The picture appears to show the Starship SN20 ("Serial No. 20") prototype during fit checks on Friday (Aug. 4) with the first-stage Super Heavy rocket, when the stacked rocket briefly became the tallest one in the world.
The picture provides a close-up view of the mating procedure between Starship and Super Heavy, with engineers perched underneath. The picture is reminiscent of the famous black-and-white "Lunch Atop a Skyscraper Photograph" taken by Charles Clyde Ebbets on September 20, 1932 during construction of Rockefeller Center in Manhattan.
Musk didn't post any comment with the picture Sunday (Aug. 6), although he had lots to say on his Twitter feed about the fit check. In several tweets, Musk wrote that it is "an honor to work with such a great team," and added that it's a "Dream come true," to see the vehicle stacked.
Super Heavy alone stands 230 feet (70 meters) tall and the Starship craft adds another 165 feet (50 m) of height. Together they stand 395 feet tall (120 m), taller than any other rocket including NASA's famous Saturn V moon rocket, which was 363 feet tall (110 m).
But when the duo will blast off for the first-ever Starship orbital flight attempt is unknown. The spacecraft and its rocket must undergo numerous technical examinations before getting clearance to lift off from the launch pad near the village of Boca Chica, Texas. Both the Super Heavy and Starship SN20 are expected to undergo separate static fire tests. SpaceX is also waiting on a Starship launch operations environmental review from the Federal Aviation Administration, which has an unclear completion date.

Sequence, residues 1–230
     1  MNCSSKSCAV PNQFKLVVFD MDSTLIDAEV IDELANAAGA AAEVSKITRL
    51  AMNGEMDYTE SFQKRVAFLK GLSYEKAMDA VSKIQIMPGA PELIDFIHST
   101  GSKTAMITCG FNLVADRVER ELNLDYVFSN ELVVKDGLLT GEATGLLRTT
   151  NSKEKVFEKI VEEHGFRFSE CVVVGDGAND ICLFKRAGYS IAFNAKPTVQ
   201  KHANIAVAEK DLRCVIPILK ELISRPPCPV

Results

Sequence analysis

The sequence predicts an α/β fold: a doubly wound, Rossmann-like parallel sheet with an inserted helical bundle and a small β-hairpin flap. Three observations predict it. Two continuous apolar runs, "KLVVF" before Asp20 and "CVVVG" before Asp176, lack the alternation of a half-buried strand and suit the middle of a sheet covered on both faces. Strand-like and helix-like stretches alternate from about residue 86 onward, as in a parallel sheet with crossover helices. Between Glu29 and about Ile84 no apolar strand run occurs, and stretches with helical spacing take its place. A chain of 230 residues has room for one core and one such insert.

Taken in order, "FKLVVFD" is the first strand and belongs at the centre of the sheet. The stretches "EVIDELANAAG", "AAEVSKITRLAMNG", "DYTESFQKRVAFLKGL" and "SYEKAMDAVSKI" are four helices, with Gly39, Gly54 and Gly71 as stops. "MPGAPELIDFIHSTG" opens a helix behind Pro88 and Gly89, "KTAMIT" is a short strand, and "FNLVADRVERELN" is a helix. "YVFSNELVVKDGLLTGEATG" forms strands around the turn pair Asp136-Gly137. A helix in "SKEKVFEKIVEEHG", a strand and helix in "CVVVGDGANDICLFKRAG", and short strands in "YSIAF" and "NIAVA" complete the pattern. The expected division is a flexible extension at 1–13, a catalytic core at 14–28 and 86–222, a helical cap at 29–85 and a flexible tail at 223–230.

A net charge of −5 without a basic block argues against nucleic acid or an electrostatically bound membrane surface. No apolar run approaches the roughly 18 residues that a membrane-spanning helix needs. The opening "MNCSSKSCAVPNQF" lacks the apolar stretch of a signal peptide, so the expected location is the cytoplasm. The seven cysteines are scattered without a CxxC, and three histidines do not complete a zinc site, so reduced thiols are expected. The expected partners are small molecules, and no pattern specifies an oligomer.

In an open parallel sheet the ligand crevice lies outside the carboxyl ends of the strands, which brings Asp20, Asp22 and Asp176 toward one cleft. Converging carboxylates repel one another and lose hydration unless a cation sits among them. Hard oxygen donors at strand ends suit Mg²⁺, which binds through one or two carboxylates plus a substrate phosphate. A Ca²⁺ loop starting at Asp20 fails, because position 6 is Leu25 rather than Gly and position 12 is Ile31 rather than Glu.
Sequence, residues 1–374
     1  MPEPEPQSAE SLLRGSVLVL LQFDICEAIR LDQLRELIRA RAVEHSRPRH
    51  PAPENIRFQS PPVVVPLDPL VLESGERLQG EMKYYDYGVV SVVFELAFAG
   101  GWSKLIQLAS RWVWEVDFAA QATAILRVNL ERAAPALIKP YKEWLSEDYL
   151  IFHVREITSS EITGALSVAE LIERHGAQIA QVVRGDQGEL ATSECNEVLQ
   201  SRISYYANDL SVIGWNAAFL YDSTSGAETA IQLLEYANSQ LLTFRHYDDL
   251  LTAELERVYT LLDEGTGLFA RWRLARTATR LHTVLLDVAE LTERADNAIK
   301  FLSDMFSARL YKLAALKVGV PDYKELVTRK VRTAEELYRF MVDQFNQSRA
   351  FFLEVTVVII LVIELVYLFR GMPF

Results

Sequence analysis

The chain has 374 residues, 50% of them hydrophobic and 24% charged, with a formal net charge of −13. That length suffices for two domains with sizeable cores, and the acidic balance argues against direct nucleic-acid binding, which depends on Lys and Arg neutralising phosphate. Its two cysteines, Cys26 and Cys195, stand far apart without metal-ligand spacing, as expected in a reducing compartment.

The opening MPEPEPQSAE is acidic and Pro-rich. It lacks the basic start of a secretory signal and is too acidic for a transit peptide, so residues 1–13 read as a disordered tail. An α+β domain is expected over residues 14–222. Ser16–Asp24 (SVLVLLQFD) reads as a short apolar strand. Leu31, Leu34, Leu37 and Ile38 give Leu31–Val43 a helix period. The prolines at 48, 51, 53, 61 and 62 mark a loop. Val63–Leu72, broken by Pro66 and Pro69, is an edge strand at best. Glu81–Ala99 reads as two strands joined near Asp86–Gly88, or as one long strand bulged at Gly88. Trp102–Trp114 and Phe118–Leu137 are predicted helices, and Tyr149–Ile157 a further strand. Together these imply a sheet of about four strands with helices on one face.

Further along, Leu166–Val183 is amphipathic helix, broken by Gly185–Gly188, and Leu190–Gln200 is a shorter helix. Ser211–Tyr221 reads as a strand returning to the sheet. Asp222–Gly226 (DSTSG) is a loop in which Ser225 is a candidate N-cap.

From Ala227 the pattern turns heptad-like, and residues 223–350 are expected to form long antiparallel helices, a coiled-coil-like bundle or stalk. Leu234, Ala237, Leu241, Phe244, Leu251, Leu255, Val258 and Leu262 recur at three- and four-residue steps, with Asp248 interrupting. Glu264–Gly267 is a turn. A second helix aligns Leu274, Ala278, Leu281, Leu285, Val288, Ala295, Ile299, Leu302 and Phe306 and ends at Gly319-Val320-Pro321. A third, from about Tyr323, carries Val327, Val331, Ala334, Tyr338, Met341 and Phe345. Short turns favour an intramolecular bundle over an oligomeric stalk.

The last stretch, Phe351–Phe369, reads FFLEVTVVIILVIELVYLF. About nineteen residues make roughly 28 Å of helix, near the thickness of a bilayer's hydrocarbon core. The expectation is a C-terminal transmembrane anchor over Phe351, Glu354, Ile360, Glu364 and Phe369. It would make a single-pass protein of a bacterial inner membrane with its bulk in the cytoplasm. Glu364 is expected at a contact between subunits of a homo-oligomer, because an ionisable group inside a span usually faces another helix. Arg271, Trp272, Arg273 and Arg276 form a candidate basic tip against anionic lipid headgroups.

On Twitter, Musk also wrote that Starship and its Super Heavy booster need at least "4 significant items" before they'd be ready to fly. Those items are final heat shield tiles for Starship, thermal protection for Super Heavy's engines, more ground system propellant storage tanks, and a quick-disconnect arm for Starship, which will likely be attached to the pad's gantry tower.
SpaceX has tested several prototypes in flight, but this will be the first orbital attempt for the Starship program. The orbital flight plan submitted to the FAA suggests the Super Heavy Booster 4, after hefting its first Starship prototype to orbit, will splash down in the Gulf of Mexico roughly 20 miles (32 kilometers) offshore. Starship will boost itself to orbit, circle Earth once and return over the Pacific Ocean, near the Hawaiian island of Kauai, about 90 minutes after launch.
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Elizabeth Howell (she/her), Ph.D., is a staff writer in the spaceflight channel since 2022 covering diversity, education and gaming as well. She was contributing writer for Space.com for 10 years before joining full-time. Elizabeth's reporting includes multiple exclusives with the White House and Office of the Vice-President of the United States, an exclusive conversation with aspiring space tourist (and NSYNC bassist) Lance Bass, speaking several times with the International Space Station, witnessing five human spaceflight launches on two continents, flying parabolic, working inside a spacesuit, and participating in a simulated Mars mission. Her latest book, "Why Am I Taller?", is co-written with astronaut Dave Williams. Elizabeth holds a Ph.D. and M.Sc. in Space Studies from the University of North Dakota, a Bachelor of Journalism from Canada's Carleton University and a Bachelor of History from Canada's Athabasca University. Elizabeth is also a post-secondary instructor in communications and science at several institutions since 2015; her experience includes developing and teaching an astronomy course at Canada's Algonquin College (with Indigenous content as well) to more than 1,000 students since 2020. Elizabeth first got interested in space after watching the movie Apollo 13 in 1996, and still wants to be an astronaut someday. Mastodon: https://qoto.org/@howellspace